step father put in nursing care long term , gave me a house 10 years ago . it was his primary residence before going into facility . House been in my family for 52 years . I ve lived in it for 9 years . I am the poa for him and owner of house . ye...
It sounds like you may be mistaken as to your ownership...if MassHealth were to lien a property in which your step-father had no ownership interest, it is called a slander to title and could be fought outside of his benefits process. You would just need to provide the deed showing it's no longer in his name, which should have been recorded in the land records, and if it wasn't you should record IMMEDIATELY.See question
My father was in the nursing home and the lawyer had him and me sign some papers so he could get Medicare. That's what she said. After he passed I found a part of the trust that said I. Have up to six months to buy the house. She never disclosed t...
A lawyer's ethical obligation to an impaired client is to do whatever is in the client's best interests consistent with the client's wishes, to the extent the client can understand them. The lawyer has no obligations with respect to the beneficiaries or the future administration of the trust after being hired to create it, so it is not fraudulent and would be very hard to make any sort of case.
Your issue, if any, is with the trustee of the trust. However, the Trustee's only duty of disclosure is any accountings ordered by the trust and otherwise to provide trust documents *after a beneficiary has requested them.* The trustee's action might have violated the trust's terms, but if s/he wasn't actively concealing the trust from you against your wishes, and you made no effort to reach out and attempt a purchase on your own, the court could still hold the premature sale to be a harmless error. Additionally, if the sale was part of a liquidation to repay medicaid benefits, which might be the case, then there may be other superceding factors.See question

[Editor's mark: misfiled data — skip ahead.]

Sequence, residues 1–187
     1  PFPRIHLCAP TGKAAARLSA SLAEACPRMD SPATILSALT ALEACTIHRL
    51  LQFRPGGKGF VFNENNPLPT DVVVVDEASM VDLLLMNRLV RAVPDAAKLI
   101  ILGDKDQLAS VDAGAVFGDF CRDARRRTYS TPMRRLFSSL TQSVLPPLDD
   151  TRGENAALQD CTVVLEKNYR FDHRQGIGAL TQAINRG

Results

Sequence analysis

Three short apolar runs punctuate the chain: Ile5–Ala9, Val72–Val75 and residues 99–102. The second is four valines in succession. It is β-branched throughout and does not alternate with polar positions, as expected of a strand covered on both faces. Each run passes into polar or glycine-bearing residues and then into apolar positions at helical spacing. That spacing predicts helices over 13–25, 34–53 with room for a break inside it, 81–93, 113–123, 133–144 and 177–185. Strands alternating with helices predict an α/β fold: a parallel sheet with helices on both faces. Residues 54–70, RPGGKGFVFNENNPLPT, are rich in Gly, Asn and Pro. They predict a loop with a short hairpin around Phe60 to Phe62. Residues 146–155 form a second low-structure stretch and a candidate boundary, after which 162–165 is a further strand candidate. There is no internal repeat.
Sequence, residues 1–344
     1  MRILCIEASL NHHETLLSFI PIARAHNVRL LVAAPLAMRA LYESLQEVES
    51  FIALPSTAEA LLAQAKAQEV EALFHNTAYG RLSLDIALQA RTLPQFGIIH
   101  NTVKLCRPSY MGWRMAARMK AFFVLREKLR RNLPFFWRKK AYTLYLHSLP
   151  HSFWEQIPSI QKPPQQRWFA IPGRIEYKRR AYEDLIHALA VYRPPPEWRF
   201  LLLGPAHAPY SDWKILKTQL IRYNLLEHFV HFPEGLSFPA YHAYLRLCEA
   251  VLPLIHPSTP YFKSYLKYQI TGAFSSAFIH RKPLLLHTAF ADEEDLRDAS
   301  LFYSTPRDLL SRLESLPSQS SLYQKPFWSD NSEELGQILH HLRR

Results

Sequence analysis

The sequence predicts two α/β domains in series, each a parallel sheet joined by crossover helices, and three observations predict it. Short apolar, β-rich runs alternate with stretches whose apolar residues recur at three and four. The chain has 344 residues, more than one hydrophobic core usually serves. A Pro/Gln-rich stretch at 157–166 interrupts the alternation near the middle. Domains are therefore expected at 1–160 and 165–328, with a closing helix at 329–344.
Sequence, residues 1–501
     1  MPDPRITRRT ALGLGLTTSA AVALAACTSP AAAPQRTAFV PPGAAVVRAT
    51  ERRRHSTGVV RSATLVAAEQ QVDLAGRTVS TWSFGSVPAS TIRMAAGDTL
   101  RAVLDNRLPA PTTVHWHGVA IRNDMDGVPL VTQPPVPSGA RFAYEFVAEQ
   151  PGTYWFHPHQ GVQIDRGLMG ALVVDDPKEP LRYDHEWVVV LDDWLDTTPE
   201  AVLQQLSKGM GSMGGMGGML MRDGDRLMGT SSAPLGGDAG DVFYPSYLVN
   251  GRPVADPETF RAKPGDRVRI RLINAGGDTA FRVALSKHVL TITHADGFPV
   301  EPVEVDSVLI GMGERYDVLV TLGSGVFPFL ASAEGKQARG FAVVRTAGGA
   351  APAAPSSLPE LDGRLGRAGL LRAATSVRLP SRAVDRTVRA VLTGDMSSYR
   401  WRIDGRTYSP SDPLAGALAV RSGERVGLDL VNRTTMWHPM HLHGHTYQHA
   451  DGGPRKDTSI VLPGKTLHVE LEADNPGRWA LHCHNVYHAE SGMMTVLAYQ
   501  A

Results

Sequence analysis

I have established a trust for my daughter. My brother is Trustee. If I as donor, make a contribution to the trust, the trustee is supposed to notify the beneficiary of right of withdrawal. The beneficiary in this case is a minor so the notice ...
The notification should still be made in writing for recordkeeping purposes. All you need is a model form and change the date and amount each year; hardly takes any effort.See question
I own a property in the UK and want to give power of attorney to a family member to deal with its sale. How do I do this?
Yes, with a few caveats.
First, the POA should spell out the authorities of the agent in plain English, rather than relying on any state-authorized short form or statutory references.